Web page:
He says it doesn't hurt him with fellow Democrats. But a new study shows that Rep. Jim Matheson, D-Utah, voted with Republicans and President Bush during the past eight years more often than all but a handful of other Democrats.
"Not only do I have a good relationship with the party, but it has given me a reputation so that people in both parties know that I am someone who will look at the substance of a bill and not just the politics. So they are willing to work with me," Matheson said.
A new study by Congressional Quarterly looks at how often members of the current Congress have voted with President Bush on issues where he took a clear stand during his presidency. It also looks at how often members voted with their party on votes where clear majorities of the two parties opposed one another.
It shows that Matheson sided with Bush 41 percent of the time, or about two of every five such votes. That was the sixth highest percentage among the 236 Democrats in the House.
No Republicans sided with Bush less often than Matheson but some came close. Rep. Wayne Gilcrest, R-Md., voted with Bush only 50 percent of the time (and was defeated in a primary this year), and Rep. Chris Shays, R-Conn., voted with him 51 percent of the time.
"I have always said that I try to look at each issue on its own merits and try to be an independent voice. I think that's what people in America want," Matheson said.
He said he expects more centrists from both parties to be elected this year. "Most people in the country have a low opinion of Congress and think partisanship keeps things from being done. I think there is a desire from people in both parties to elect those who are more cooperative."
Matheson's Republican opponent this year, retired homebuilder Bill Dew, said despite the findings, Matheson is still too liberal for Utah, and says he voted "wrong" on such key issues as oil drilling, tax reduction and border security.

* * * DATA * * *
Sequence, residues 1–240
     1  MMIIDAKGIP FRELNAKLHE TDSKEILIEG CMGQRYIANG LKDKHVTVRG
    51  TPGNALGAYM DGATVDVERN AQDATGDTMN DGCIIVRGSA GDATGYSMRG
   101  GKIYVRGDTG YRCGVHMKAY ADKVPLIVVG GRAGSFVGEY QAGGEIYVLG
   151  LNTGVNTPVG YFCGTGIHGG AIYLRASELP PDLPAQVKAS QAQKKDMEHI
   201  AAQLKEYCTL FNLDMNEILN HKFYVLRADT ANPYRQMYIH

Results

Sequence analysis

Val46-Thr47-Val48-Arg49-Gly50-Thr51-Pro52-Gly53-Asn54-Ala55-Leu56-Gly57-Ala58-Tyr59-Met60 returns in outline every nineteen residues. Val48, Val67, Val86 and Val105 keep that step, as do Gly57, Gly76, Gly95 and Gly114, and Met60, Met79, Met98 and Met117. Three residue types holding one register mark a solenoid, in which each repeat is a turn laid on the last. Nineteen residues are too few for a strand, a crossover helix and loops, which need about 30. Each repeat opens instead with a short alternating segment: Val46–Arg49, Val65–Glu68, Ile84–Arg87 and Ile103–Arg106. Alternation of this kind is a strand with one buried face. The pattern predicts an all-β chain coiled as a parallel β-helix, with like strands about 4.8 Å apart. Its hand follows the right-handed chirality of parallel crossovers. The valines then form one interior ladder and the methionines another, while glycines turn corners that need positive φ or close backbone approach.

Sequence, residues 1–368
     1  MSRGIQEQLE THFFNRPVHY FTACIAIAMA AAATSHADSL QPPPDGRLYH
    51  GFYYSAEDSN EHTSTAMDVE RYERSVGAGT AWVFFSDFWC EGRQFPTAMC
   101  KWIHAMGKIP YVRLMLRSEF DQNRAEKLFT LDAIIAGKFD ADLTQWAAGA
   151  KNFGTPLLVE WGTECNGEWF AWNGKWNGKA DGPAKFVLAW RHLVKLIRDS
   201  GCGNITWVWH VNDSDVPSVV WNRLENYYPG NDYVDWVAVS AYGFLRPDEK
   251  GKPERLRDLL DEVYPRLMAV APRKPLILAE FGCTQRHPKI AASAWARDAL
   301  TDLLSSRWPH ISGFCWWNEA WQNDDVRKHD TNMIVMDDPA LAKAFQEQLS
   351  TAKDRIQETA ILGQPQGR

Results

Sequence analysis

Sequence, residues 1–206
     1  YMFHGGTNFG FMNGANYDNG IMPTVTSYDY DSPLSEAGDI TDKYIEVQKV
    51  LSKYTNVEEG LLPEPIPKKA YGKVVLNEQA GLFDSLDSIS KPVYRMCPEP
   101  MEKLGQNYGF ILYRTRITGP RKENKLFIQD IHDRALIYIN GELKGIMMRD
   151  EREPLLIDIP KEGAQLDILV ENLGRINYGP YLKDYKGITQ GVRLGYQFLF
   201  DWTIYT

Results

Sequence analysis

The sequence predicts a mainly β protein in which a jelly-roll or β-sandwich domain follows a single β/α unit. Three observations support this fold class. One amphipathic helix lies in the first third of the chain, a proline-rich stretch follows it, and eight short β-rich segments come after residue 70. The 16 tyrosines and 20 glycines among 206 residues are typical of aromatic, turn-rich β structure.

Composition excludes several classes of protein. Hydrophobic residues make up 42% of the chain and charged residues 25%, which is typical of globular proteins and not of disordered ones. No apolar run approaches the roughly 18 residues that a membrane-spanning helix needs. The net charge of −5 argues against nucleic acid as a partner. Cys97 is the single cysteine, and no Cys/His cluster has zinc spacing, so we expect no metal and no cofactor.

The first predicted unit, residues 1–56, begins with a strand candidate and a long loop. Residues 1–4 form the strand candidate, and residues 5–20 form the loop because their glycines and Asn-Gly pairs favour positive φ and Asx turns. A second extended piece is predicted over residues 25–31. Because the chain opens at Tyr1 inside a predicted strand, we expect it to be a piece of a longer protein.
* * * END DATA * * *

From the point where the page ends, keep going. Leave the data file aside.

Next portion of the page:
Dew said if such votes amount to a relatively conservative voting record, "it only goes to show how liberal our Democratic-controlled Congress has become."
On average, House Democrats sided with Bush just 22 percent of the time meaning Matheson voted with Bush almost twice as often as the typical House Democrat.
The study also said Matheson voted with Democrats only 74 percent of the time in "party unity" votes where clear majorities of each party opposed one another. That means he bolted to the Republican side on one of every four such votes.
Matheson had the seventh highest such percentage among House Democrats (and the ninth highest overall among all 435 House members).
On average, House Democrats voted with their caucus on such votes 93 percent of the time over the past eight years. Matheson's score was almost 20 percent lower.
Republicans in the Utah delegation, as expected, sided with their party and president much more often than Matheson.
In presidential support votes, Rep. Chris Cannon voted with Bush 89 percent of the time, and Rep. Rob Bishop supported him in 83 percent of such votes. The average for House Republicans was 88 percent so Bishop was below average and Cannon was above it (although he lost the primary election to an even more conservative opponent, Jason Chaffetz).
In such votes in the Senate, Sen. Bob Bennett voted with Bush 92 percent of the time, and Sen. Orrin Hatch supported him in 91 percent of the votes. The average for Senate Republicans was 88 percent so both Utah senators were above that. (Bennett's score tied for sixth highest, and Hatch tied for 12th highest among Senate Republicans.)
On "party unity" votes, both Hatch and Bennett voted with majorities of their party 93 percent of the time both higher than the 90 percent average for Senate Republicans. They tied for the second highest such percentage among Senate Republicans.Both Cannon and Bishop voted with their party 97 percent of the time again, both higher than the 90 percent average for House Republicans.
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